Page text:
Getting the best out of the old and the new in government IT

There is a tension at the heart of public sector IT that, unless resolved, threatens to cause serious government IT failures in the next five years

There is a tension at the heart of public sector IT that, unless resolved, threatens to cause serious government IT failures in the next five years.

If, like me, you have spent time around government technology folk in recent years, you will have heard about two polarised and caricatured versions of today’s Whitehall IT leaders.

The Traditional CIO

In one corner we have Traditional CIO. He (it is usually a “he”) just doesn’t “get it". He is stuck in a world of keeping the lights on, convinced that “digital” is a passing fad that means setting up a Twitter feed.

He is not interested in developing solutions that meet user or citizen requirements; his priorities for compliance lie with locked-down IT and the bureaucracy of procurement.

Traditional CIO still thinks handing a 10-year contract to a systems integrator (SI) is worthy of consideration. 

He is used to spending big money on IT, and unconcerned if projects run massively over schedule or never complete at all – after all, it will be someone else’s problem by then. Shared services are OK, but only when others are sharing what he does.

Granted, Traditional CIO does understand the issues of running big business-critical transactional systems, the importance of performance, resilience and fulfilment, but basically he is on his way out. He is making way for the Digital Messiah.

The Digital Messiah

Young, bright, fresh out of media and internet companies, even Traditional CIO can see they are good developers and that is impressive and was the right place to start. But is a symptom of the underlying problem – to the digital crowd, everything takes place at the web and publishing layer.

Real-world knowledge of major transactional systems is for the old school; Digital Messiah has never run enterprise-grade IT services and it’s easy to be gung-ho and visionary when you are not the one being grilled by the Public Accounts Committee when things don’t work.

But why are there so many of them – much easier just to outsource to an SI, surely? What do they all do, and who holds them to account? However, this is clearly their moment, so some engagement from Traditional CIO is required until things go back to normal – all you need is drop “agile” into the conversation now and then.

The reality

It is not difficult to recognise the clichés on both sides. Well, I have news – you are both right and you are both wrong. To Traditional CIO, I say that Digital Messiah has achieved a great deal in the last three years, not least:

  • Changing the conversation – Even as someone who runs an SME offering cloud and digital services to government, it’s easy to take for granted the ability to have conversations with public sector leaders that would not have happened three years ago. Awareness and admitting there is a problem is the first step to achieving real change, and that has been delivered. Thank you.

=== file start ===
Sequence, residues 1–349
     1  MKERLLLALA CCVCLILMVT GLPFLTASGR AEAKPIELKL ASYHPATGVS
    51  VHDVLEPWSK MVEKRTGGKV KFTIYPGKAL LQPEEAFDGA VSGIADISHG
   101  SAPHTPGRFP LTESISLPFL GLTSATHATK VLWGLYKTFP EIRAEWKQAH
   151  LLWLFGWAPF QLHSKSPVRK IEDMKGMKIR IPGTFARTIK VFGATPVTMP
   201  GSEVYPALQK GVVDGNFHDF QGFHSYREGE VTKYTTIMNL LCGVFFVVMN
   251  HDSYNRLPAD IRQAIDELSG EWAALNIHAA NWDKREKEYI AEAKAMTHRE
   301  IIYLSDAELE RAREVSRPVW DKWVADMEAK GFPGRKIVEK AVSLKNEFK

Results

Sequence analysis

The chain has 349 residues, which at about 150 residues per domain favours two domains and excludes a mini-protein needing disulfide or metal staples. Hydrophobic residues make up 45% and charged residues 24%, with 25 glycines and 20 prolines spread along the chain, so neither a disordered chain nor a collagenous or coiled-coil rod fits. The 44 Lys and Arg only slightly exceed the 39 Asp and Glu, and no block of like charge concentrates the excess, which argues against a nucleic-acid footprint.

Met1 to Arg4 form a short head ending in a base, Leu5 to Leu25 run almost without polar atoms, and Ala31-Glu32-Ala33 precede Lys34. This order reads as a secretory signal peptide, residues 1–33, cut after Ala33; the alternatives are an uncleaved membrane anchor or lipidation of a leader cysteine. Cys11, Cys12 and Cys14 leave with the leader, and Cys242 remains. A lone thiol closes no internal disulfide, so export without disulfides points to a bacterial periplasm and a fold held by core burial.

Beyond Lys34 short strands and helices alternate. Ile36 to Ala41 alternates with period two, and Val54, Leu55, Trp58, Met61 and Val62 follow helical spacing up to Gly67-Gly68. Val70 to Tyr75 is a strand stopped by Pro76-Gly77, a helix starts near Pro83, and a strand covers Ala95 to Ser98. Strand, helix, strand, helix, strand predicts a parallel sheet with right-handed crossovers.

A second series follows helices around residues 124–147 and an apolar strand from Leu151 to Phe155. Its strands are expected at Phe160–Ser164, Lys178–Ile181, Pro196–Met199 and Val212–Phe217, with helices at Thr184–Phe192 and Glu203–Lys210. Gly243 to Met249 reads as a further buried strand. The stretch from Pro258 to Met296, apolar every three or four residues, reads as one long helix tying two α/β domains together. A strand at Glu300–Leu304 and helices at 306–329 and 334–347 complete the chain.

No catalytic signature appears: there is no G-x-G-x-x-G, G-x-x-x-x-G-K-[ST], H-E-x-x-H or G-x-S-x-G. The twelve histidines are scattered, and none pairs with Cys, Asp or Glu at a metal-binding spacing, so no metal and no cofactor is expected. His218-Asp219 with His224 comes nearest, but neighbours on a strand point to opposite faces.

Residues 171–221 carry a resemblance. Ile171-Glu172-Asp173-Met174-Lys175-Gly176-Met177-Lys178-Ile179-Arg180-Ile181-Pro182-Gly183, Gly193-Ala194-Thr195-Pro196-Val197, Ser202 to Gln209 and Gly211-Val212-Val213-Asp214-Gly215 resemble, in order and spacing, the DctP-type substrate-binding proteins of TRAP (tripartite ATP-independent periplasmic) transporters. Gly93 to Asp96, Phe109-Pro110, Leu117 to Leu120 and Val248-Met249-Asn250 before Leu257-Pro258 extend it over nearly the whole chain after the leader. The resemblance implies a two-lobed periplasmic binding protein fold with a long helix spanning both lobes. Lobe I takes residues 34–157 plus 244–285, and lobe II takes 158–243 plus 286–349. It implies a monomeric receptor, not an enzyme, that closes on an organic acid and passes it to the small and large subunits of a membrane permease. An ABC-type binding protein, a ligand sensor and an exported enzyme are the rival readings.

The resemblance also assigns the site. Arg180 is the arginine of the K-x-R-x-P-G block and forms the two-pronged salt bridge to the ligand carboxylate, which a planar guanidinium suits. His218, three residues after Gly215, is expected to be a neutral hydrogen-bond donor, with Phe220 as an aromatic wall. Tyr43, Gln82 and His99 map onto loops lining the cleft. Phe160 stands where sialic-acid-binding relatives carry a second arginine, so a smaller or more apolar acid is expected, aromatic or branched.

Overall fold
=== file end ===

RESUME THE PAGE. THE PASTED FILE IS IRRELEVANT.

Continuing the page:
• User-based design – It isn’t the whole answer, but to inspire the government tech community to worry about user needs and experience so it now forms the first, not the last, consideration on IT projects is a huge achievement. I never saw that in 10 years working inside HM government. 10/10.
  • Governance – Information security, procurement and governance have long been a blocker to the delivery of agile, flexible and user-focused technology. While this has not exactly been solved, it is being challenged and progressed at every turn. Some IT spending decisions have been blocked and departments sent back to think again – potentially saving the taxpayer tens of millions of pounds. Bravo.

So, Traditional CIO, where is your evidence of trying something new? Of genuine thought leadership? It’s undeniably difficult to keep the lights on at the same time as keeping abreast of new developments – but after all, you are paid to know where things are going, to constantly think about how technology can enable business outcomes, and to be the advisor on what happens next.

Admittedly, this picture is changing, and public sector CIOs are engaging with the new agenda, but it’s taken too long; we are six years on from the original government cloud strategy and so little has actually been done. 

The problem with Digital Messiah

If genuine technology-enabled, user-focused transformation is desired, then the major underlying operating systems and transactional applications of state have to be tackled.

What use is it to book a GP appointment online when I can’t track my test results in the way I can track a parcel? What benefit will the Internet of Things bring to citizens, if it can’t integrate with antiquated case management or finance systems? In other words, what makes Amazon impressive is its supply chain and fulfilment capability – not its website.